Burns Agency stationery

Posted by Matt Kuhns on Jan 14, 2013

Here’s something novel I turned up by accident, in one or another of my online searches. A sample of The William J. Burns International Detective Agency’s stationery. (I’m not sure I should just grab it from the host’s site, but click through and have a look.)

As a graphic designer, I can’t describe this as all that exciting or attractive; Burns’s rivals the Pinkertons had him thoroughly beat, just with graphic panache alone, to say nothing of their iconic and unnerving “We Never Sleep” logo itself. Now that was branding. Still, the Pinkertons were rather ahead of their time, there, and in 1921 Burns’s corporate and government clients probably didn’t particularly mind his duller graphic identity. As this piece of letterhead suggests. In addition to the firm’s three principals (Burns, and sons Raymond and Sherman) and 28 cities in which the agency had offices (they had a Cleveland office… I wonder where it was?), it lists four major clients: the California Bankers Association, the Railway Ticket Protective Bureau, the National Retail Dry Goods Association, and of course the American Bankers Association which Burns famously poached from their old agency, the Pinkertons. (Read more you-know-where.)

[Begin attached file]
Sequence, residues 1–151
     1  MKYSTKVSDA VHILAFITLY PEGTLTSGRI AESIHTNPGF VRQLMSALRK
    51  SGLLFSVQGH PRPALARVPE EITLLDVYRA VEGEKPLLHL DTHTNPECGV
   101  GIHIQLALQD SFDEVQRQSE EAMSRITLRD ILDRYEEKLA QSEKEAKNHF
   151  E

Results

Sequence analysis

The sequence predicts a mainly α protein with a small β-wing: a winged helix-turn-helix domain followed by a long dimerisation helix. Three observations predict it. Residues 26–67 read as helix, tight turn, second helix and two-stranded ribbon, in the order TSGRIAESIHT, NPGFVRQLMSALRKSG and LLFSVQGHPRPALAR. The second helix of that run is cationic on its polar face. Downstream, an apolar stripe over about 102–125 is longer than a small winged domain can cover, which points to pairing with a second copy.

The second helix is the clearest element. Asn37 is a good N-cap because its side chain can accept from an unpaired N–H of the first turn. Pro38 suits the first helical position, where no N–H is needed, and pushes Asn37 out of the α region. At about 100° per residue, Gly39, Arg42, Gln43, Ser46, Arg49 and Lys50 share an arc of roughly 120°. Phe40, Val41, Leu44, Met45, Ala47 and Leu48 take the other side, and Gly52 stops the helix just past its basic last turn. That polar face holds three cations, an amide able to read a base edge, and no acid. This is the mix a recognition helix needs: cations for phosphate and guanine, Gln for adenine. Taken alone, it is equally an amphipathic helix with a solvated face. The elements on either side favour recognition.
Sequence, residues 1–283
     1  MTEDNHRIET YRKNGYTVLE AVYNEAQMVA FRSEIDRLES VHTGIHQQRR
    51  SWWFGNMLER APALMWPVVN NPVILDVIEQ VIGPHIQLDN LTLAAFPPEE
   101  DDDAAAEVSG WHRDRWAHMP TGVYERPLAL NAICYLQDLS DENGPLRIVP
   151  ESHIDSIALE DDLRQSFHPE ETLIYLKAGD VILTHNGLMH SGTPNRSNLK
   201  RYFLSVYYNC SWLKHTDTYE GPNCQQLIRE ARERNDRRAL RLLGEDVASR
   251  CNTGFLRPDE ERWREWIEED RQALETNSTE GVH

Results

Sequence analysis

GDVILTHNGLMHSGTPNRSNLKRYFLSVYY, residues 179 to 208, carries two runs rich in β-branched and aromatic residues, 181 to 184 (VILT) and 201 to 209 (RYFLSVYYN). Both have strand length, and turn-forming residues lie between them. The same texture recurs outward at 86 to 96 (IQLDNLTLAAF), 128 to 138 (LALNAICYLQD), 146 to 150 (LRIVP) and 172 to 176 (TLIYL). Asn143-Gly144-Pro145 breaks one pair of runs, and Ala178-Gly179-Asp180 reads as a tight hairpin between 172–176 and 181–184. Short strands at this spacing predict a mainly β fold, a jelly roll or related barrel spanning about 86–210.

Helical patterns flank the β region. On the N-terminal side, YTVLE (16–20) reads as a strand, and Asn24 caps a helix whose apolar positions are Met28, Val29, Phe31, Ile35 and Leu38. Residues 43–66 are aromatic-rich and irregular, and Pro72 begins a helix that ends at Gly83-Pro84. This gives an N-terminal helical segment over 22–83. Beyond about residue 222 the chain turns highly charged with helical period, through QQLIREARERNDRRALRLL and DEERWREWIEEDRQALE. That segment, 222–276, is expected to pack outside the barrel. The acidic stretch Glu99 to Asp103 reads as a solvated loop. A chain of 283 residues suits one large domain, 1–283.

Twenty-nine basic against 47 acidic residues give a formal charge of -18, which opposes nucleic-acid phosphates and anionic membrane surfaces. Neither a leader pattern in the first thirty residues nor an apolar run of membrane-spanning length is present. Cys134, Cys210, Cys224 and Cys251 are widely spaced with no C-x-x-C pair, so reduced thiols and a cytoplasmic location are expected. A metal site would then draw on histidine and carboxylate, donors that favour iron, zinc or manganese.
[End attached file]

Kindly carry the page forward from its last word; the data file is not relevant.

The contact information is also interesting. “Telephone: SUTTER 1775.” I’m guessing that “SUTTER” wasn’t a mnemonic for 788837, either. And then “Cable Address: WILBURNS,” which is even more curious given how remarkably it seems like the kind of thing we would associate with some kind of internet application. But, then, as Tom Standage noted in his excellent book The Victorian Internet, people actually had an internet 100 years ago, anyway.

One other interesting feature of this letterhead is that “800 First National Bank Bldg, San Francisco, Cal” seems to be highlighted as the primary address. The content suggests that this notice was issued by the San Francisco office, which conclusion the hosting site supports. And yet it points to one lingering question about the Burns agency which I never really resolved: where was its main headquarters? I’ve seen references to both Chicago and New York, but no clear evidence of which was the real HQ. It’s possible that both were, at different times; Burns himself moved around constantly (and was actually working in San Francisco at the time he most likely made initial plans for setting up the firm, which is why this letterhead gives me pause). Wikipedia seems to draw a blank on the matter. Given the way Burns ran his affairs, it wouldn’t surprise me if the Burns agency really had no genuine, single “primary office” during his years at all, at least for practical purposes. Having moved around the country regularly throughout his life, the concept might have seemed meaningless to him.

Maybe I’ll just call up SUTTER 1775 and ask.

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